Stories » Bettye LaVette - Blackbird celebrates black female voices / Variety

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Bettye LaVette - Blackbird celebrates black female voices / Variety

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Bettye LaVette is widely - and wisely - revered as one of our greatest living rhythm and blues singers, and maybe right there at the pinnacle. Her star as a knock-down, drag-out, leave-no-prisoners stylist has risen in the decade and a half since she made her return to prominence in her late 50s, 60s and now early 70s after decades of having seemed publicly MIA. But her comeback hasn't been fueled by mining the great American R&B songbook for material. She's remade her name these past 15 or so years by putting a blues spin on rock songs, for the most part, in conceptual albums from "I've Got My Own Hell to Raise" (in which she covered female singer-songwriters like Fiona Apple and Aimee Mann) to "Interpretations: The British Rock Songbook." Someone may have been in the kitchen with Dinah - Dinah Washington, that is - but LaVette has been hanging in the parlor with Dylan.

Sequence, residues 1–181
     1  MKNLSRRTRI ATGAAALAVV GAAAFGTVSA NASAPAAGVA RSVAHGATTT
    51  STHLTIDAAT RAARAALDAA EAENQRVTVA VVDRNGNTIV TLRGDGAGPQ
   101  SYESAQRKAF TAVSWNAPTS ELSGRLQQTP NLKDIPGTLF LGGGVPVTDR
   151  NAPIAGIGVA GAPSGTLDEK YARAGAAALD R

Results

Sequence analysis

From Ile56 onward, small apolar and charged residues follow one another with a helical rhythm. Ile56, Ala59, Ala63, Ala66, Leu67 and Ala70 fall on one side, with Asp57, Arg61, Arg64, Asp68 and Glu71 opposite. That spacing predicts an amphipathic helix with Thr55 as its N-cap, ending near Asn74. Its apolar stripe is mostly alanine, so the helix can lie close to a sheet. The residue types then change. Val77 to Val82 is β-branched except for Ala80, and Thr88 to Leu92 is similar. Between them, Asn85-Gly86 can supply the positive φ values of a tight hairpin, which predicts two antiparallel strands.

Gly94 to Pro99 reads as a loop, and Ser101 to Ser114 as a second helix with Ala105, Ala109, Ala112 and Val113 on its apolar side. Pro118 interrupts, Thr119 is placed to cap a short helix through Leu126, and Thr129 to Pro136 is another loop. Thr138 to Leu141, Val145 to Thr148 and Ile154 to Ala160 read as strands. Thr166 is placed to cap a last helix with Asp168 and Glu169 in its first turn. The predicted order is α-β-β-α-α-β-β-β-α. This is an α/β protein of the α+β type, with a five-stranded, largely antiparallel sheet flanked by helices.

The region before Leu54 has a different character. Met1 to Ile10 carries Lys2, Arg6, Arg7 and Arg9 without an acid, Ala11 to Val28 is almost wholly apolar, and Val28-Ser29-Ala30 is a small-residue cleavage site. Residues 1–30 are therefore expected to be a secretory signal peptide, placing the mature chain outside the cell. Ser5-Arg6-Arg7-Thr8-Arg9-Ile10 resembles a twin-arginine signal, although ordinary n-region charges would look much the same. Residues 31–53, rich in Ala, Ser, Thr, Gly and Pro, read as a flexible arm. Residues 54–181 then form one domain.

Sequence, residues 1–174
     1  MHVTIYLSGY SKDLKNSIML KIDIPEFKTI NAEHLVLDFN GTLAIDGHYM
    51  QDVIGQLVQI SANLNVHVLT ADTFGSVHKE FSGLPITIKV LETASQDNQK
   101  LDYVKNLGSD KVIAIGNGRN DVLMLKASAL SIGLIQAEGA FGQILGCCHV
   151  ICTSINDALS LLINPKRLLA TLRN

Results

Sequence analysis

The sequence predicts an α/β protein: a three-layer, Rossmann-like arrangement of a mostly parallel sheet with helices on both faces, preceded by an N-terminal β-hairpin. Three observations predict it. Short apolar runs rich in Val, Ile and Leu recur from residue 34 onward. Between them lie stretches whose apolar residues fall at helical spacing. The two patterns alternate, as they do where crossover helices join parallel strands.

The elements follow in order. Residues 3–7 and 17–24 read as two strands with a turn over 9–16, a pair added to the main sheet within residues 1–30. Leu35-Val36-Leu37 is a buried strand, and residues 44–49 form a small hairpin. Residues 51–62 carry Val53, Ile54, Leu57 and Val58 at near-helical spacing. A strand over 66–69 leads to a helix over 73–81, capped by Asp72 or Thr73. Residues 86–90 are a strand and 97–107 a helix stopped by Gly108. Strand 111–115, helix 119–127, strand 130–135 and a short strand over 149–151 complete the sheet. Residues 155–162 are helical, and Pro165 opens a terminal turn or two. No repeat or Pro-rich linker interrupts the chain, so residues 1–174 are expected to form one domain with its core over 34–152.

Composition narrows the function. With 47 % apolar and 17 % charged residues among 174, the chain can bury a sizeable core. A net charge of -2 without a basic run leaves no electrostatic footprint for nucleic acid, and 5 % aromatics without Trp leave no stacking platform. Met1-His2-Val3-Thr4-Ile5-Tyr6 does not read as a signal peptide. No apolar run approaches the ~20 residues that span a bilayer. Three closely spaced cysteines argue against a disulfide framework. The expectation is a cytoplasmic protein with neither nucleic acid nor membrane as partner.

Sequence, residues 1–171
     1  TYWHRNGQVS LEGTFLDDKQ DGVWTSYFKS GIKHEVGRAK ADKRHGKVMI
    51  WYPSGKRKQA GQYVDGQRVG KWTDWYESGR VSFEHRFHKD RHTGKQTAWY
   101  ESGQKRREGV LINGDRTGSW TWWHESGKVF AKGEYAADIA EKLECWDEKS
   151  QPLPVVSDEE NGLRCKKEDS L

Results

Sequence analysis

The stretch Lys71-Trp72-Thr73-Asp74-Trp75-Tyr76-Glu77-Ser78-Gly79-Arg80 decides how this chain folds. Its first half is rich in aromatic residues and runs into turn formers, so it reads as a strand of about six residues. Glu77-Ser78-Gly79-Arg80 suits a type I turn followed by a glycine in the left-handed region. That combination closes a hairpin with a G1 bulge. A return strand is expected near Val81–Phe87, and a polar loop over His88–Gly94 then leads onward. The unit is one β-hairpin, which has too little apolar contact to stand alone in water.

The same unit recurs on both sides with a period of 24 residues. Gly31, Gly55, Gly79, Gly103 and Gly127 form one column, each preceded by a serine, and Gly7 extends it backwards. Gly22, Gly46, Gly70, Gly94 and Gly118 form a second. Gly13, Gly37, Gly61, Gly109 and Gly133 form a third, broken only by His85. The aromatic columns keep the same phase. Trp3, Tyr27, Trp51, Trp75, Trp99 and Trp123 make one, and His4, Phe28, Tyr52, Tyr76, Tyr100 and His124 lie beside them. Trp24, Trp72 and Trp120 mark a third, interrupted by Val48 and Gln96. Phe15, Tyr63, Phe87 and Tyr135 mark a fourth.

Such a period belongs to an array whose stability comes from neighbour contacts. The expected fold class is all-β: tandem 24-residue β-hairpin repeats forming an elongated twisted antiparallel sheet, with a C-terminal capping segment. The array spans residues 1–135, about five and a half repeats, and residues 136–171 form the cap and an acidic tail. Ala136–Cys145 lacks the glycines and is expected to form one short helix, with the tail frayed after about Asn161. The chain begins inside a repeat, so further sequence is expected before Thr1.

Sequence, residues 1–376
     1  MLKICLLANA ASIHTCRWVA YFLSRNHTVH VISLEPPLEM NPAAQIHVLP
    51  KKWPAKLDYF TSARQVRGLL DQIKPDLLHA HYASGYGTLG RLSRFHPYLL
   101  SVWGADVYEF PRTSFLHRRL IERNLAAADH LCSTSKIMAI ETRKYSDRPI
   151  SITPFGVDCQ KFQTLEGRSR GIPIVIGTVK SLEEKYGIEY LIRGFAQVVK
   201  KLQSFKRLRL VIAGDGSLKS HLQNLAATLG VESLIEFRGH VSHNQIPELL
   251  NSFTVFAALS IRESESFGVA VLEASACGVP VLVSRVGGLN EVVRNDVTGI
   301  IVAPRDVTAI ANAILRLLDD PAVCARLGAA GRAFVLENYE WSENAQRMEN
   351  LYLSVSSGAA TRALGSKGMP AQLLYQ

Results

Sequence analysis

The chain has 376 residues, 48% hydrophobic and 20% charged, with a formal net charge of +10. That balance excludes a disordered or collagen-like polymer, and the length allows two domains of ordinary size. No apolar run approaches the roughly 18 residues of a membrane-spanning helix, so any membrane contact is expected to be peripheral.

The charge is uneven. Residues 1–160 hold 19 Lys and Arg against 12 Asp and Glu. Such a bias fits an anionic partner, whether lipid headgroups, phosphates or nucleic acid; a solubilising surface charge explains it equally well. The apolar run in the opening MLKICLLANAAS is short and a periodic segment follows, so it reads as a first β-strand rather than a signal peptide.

Until now. "Blackbirds" is another concept album, but one that hits a lot closer to home base by looking to the catalogs of the women who were probably heroines to LaVette back when she had her first hit at age 16 in 1962: legends like Washington, Nina Simone, Billie Holiday, Ruth Brown, Nancy Wilson and Della Reese. The sole outlier is a song that's about "blackbirds" rather than by them: the Beatles' "Blackbird," which Paul McCartney has said was inspired by the Black women of the civil rights movement. There's just one newish pick, "One More Song," a worthy torch ballad from Sharon Robinson, Leonard Cohen's frequent co-writer. Everything else is from the 1939-68 period when "Black is beautiful" could have described how these great divas dominated midcentury hi-fis everywhere, before the phrase got codified into the counterculture. That this album, whose underlying purpose is celebrating some of the most powerful and iconic Black women of the previous century, is coming out almost simultaneously with a Black woman being named to a presidential ticket is pure coincidence. But for anyone who likes to believe everything is connected, "Blackbirds" makes for a hell of a companion album for the moment.

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